Late-time observations of GRB 080319B: Jet break, host galaxy, and accompanying supernova

N. R. Tanvir, E. Rol, A. J. Levan, K. Svensson, A. S. Fruchter, J. Granot, P. T. O'Brien, K. Wiersema, R. L.C. Starling, P. Jakobsson, J. Fynbo, J. Hjorth, P. A. Curran, A. J. Van Der Horst, C.Kouveliotou, J. L. Racusin, D. N. Burrows, F. Genet

Research output: Contribution to journalArticlepeer-review


The Swift-discovered GRB 080319B was by far the most distant source ever observed at naked-eye brightness, reaching a peak apparent magnitude of 5.3 at a redshift of z = 0.937. We present our late-time optical (Hubble Space Telescope, Gemini, and Very Large Telescope) and X-ray (Chandra) observations, which confirm that an achromatic break occurred in the power-law afterglow light curve at ∼ 11 days post-burst. This most likely indicates that the gamma-ray burst (GRB) outflow was collimated, which for a uniform jet would imply a total energy in the jet Ejet ≲ 1052 erg. Our observations also show a late-time excess of red light, which is well explained if the GRB was accompanied by a supernova (SN), similar to those seen in some other long-duration GRBs. The latest observations are dominated by light from the host and show that the GRB took place in a faint dwarf galaxy (r(AB) ≈ 27.0, rest frame MB ≈ ?17.2). This galaxy is small even by the standards of other GRB hosts, which is suggestive of a low-metallicity environment. Intriguingly, the properties of this extreme event-a small host and bright SN-are entirely typical of the very low luminosity bursts such as GRB 980425 and GRB 060218.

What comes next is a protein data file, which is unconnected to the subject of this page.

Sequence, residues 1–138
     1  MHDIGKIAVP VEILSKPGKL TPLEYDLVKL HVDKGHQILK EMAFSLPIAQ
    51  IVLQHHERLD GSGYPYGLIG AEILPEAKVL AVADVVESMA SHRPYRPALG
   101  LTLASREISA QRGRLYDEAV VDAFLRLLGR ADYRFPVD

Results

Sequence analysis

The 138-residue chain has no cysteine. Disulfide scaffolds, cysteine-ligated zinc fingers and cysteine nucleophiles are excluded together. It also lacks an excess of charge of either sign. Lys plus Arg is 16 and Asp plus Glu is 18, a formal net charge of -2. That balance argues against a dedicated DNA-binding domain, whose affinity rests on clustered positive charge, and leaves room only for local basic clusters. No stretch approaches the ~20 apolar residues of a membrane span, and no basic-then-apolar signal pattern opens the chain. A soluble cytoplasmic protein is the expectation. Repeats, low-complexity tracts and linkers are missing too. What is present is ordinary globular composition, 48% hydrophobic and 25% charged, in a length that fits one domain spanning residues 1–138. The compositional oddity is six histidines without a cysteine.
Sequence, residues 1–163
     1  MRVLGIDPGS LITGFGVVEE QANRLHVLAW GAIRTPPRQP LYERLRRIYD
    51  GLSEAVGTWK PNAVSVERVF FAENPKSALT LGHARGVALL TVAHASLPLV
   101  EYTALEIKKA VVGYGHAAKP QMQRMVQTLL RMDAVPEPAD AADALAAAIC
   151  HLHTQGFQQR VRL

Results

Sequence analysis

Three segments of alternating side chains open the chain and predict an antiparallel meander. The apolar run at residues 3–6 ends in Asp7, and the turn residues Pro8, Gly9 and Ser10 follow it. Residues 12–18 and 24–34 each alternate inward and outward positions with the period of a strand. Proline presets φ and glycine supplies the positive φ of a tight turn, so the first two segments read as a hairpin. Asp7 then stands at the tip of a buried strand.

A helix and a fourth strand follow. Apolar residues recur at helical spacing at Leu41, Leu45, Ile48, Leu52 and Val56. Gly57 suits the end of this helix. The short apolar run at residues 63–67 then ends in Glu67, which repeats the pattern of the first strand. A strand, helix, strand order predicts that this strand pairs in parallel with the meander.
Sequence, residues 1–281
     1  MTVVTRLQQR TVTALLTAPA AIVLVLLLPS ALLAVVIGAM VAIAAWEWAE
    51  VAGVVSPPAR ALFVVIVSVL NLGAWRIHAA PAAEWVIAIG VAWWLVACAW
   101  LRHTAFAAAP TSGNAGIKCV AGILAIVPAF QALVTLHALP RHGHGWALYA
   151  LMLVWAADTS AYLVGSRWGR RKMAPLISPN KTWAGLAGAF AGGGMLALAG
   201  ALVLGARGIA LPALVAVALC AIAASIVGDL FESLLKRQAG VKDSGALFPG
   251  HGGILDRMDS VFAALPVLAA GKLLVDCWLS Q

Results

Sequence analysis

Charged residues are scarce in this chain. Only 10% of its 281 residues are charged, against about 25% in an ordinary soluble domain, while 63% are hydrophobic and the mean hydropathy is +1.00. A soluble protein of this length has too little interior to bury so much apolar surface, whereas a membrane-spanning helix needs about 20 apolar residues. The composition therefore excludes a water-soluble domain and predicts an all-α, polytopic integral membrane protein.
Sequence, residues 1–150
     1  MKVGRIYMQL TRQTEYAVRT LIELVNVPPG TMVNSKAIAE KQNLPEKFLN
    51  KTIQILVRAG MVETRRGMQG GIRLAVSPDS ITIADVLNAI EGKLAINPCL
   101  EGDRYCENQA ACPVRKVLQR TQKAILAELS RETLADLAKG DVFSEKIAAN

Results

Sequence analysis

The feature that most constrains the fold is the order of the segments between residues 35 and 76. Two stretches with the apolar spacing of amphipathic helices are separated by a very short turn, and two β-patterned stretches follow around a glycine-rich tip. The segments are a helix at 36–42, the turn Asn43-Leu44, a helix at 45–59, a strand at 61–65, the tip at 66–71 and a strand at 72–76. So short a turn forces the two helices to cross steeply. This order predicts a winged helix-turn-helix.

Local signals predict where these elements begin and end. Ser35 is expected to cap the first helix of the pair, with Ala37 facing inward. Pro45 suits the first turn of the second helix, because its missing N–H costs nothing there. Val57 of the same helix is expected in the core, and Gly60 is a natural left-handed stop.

Original languageEnglish
Pages (from-to)625-632
Number of pages8
JournalAstrophysical Journal
Issue number1
StatePublished - 10 Dec 2010
Externally publishedYes


  • Galaxies: high-redshift
  • Gamma-ray burst: individual (GRB 080319B)
  • Supernovae: individual Online-only material: color figures


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